MIAMI (June 6, 2021) – While Caribbean tourism industry stakeholders are encouraged by growing signs of a recovery on the horizon, and most businesses have reopened or are planning to, many tourism-related businesses will remain challenged to return to pre-pandemic employment and operation levels.
Lost revenue, little measure of recovery support and stimulus, coupled with added expenses – including covering carry-on costs to support employees, ongoing utilities, financing and other operating expenses – have placed many hotels and tourism-related employers at risk and threaten their ability to recover, or recover quickly, over the coming months.
“The downside effects of a slower recovery could have an even more damaging impact on Caribbean governments and businesses, and threaten the return to work for many in a region where tourism has been the economic mainstay,” according to Vanessa Ledesma, Acting CEO and Director General for the Caribbean Hotel and Tourism Association (CHTA).
“Ironically, the region is well-positioned to recover quickly because of Caribbean tourism’s strong appeal and proximity to major travel markets where consumers are anxious and have already begun to escape,” stated Ledesma, who is optimistic about the region’s recovery but shares the concerns cited in a COVID-19 Tourism Business Impact and Recovery Survey recently conducted by CHTA.
Approximately 14 percent of industry stakeholders indicated they are likely or highly likely to permanently close as a result of the pandemic, while 37 percent indicated that permanent closure is a possibility. This news comes at a time when most Caribbean hotels and tourism-related businesses either have reopened or are planning to reopen in the coming months.
The CHTA outreach was the third in a series of surveys the trade association has undertaken over the past year. The surveys have measured the impact of the pandemic on the region’s largest industry and have helped to guide CHTA, the industry, policy makers, and support institutions as they consider policies, operational practices, marketing and communications strategies, training and support efforts aimed at accelerating and stimulating tourism’s recovery.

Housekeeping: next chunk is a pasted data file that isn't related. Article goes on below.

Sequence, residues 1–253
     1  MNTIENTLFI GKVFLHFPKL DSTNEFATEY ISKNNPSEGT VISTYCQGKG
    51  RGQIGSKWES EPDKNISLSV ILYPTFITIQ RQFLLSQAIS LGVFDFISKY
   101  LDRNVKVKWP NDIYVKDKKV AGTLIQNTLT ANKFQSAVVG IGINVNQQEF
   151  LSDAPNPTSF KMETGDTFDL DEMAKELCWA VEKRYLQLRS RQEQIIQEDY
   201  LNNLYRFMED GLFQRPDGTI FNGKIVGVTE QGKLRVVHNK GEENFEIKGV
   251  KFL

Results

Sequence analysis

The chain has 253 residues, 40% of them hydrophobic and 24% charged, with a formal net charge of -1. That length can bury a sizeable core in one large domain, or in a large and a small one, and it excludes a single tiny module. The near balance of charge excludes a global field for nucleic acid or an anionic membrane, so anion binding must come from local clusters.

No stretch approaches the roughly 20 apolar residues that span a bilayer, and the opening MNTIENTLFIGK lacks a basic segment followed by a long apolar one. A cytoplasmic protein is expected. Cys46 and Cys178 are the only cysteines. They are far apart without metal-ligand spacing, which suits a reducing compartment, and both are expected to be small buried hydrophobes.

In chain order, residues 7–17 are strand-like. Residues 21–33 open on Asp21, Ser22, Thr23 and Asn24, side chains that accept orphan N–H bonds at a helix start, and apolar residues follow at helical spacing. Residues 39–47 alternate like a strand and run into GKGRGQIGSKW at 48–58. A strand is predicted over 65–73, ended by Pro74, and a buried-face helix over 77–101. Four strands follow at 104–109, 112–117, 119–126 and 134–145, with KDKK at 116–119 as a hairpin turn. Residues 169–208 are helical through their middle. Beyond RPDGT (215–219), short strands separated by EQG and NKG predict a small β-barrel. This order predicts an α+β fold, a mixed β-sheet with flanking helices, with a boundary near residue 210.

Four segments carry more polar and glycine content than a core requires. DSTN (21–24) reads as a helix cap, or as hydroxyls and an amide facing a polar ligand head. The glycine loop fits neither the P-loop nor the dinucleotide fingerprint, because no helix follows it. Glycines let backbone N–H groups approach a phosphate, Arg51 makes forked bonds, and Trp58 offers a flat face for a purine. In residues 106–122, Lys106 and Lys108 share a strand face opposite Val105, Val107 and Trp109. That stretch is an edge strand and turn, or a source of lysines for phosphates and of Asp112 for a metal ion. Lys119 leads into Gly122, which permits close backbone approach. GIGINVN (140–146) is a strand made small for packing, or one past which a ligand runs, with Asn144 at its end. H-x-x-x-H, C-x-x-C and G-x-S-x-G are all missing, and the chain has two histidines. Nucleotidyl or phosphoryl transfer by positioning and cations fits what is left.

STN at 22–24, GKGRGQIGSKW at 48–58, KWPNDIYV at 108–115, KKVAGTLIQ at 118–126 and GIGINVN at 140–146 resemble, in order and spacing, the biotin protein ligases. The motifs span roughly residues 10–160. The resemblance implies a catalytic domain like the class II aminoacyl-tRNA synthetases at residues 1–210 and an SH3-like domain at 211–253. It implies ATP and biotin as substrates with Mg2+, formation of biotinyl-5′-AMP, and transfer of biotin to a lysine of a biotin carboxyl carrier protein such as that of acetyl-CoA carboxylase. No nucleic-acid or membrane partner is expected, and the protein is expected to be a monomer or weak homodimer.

The initial survey results last year helped to guide the industry in putting in place health safety protocols and operational practices, in collaboration with the Caribbean Public Health Agency and the Caribbean Tourism Organization. These protocols, together with effective policies by many of the region’s health authorities and governments, have contributed to the Caribbean’s success in containing COVID-19 to a level below the global average.
The recent survey results indicated that 38 percent of Caribbean tourism-related employers were able to keep employees on staff at some level throughout the pandemic, with 78 percent of employers incurring the labor costs at their own expense without government support. Thirty-two percent indicated their government was able to provide some level of support for impacted employees.
As they look to recover, employers cited a range of added costs they are incurring to put in place the necessary health safety protocols to protect employees and guests. These include the purchase of personal protective equipment (PPE) and supplies; new technology to support health safety measures; construction, materials and furnishings to retrofit public areas (e.g., reception areas, restaurants, retail spaces, and spas); and the cost of COVID-19 testing equipment and supplies for employees and guests.
Only 11 percent of employers reported receiving any tax or duty relief to support the purchase of new health safety-related equipment, materials and supplies, placing an added financial burden on the cash-strapped businesses.
Employers cited a number of areas where support would help to minimize the threat of closure and speed up recovery. These included increased marketing and public relations efforts by industry and government; unemployment support for those employees who still have not fully returned to work; tax credits to support the rehiring of employees; electricity relief; collaborative efforts to stimulate the return of airlift; low-interest, soft loans and payment deferrals from banks; and tax relief and payment deferrals.